antithrombin


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Related to antithrombin: heparin, Antithrombin deficiency

antithrombin

[‚an·tē′thräm·bən]
(biochemistry)
A substance in blood plasma that inactivates thrombin.
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References in periodicals archive ?
Name the antithrombin heparin binding site methods that have been used.
2012) Thrombosis from a prothrombin mutation conveying antithrombin resistance.
20,21 Saray A et al in 2012 has shown that in chronic hepatitis the level of antithrombin is reduced and may be used as an early marker of hepatocellular damage.
Normally the natural inhibitors of coagulation like Protein C (PC) Protein S (PS) antithrombin III (AT III) inhibit the coagulation factors activated during process of haemostasis.
The antithrombin levels in the 2 populations are given in Table 2.
Cox notes that ATryn was developed to provide a safe and consistent supply of recombinant antithrombin.
When a woman has a deficiency other than protein S, protein C, or antithrombin, these findings may not be valid.
The new product, which is a human antithrombin III concentrate, is indicated for the treatment of thrombosis associated with congenital antithrombin III deficiency as well as disseminated intravascular coagulation.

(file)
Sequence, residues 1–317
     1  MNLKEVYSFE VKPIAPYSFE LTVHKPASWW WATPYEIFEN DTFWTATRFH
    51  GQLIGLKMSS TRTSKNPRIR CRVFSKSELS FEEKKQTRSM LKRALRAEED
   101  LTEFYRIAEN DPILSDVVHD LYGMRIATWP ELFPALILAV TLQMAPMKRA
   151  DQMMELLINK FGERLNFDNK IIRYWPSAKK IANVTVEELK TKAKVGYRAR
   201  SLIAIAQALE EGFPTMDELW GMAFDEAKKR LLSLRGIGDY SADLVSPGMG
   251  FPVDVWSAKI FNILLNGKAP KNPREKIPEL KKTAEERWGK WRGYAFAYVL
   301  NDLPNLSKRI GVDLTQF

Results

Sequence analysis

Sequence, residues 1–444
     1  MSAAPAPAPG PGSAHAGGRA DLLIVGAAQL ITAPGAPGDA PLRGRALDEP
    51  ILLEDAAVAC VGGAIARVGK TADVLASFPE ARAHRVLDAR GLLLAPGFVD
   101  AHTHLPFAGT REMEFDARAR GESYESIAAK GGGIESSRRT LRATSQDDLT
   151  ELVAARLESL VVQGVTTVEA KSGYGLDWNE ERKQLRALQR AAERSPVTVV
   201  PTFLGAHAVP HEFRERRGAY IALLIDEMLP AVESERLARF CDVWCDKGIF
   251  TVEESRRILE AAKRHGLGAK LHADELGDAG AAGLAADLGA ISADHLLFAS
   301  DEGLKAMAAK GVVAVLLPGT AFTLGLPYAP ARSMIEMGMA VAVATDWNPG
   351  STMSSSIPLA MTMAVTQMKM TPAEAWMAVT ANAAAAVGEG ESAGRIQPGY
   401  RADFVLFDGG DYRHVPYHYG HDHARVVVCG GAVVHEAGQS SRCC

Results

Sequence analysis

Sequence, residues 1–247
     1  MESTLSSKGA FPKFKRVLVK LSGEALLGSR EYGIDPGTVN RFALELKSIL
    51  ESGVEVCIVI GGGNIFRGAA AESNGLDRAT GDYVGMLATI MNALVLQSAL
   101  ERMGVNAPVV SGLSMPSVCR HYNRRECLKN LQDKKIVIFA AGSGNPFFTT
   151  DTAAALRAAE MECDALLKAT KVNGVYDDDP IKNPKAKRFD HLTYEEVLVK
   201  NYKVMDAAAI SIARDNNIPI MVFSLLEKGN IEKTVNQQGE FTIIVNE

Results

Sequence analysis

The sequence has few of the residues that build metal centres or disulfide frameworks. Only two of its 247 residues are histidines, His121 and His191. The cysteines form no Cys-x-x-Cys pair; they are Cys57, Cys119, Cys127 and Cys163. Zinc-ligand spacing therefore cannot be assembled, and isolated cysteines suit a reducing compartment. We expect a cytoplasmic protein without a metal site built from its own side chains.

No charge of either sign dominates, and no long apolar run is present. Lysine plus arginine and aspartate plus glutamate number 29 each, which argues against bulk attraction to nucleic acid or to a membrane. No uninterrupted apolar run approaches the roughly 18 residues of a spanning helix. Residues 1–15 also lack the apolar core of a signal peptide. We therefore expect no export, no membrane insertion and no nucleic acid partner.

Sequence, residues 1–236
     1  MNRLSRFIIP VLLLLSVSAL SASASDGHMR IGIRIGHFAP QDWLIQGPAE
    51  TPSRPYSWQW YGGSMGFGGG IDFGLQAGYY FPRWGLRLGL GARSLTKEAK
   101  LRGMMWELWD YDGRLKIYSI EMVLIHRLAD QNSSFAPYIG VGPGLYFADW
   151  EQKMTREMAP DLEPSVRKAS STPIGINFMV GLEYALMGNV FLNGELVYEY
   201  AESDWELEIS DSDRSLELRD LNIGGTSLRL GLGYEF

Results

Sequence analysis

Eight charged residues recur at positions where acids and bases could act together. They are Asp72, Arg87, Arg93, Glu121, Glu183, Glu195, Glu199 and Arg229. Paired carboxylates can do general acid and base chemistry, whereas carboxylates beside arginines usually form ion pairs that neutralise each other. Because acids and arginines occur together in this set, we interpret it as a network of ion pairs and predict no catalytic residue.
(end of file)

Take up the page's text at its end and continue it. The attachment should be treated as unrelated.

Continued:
During warfarin anticoagulation, a hematologic evaluation yielded normal values for antithrombin III, lupus anticoagulants, prothrombin gene mutations, antinuclear antibodies, and anticardiolipin antibodies.
The model was applied to the test results for plasma antithrombin activity, a routine assay frequently used in the hemostasis laboratory, over the period 1996-1999.
The list of causative factors for hypercoagulability, defined as a predisposition to thrombosis within the flowing blood of the affected person, is lengthy and includes alterations in antithrombin, protein C and S, homocysteine, prothrombin, and hereditary factors.
At 2 years antithrombin III levels declined by 10% among women in the tamoxifen group, compared with women taking placebo, reported Dr.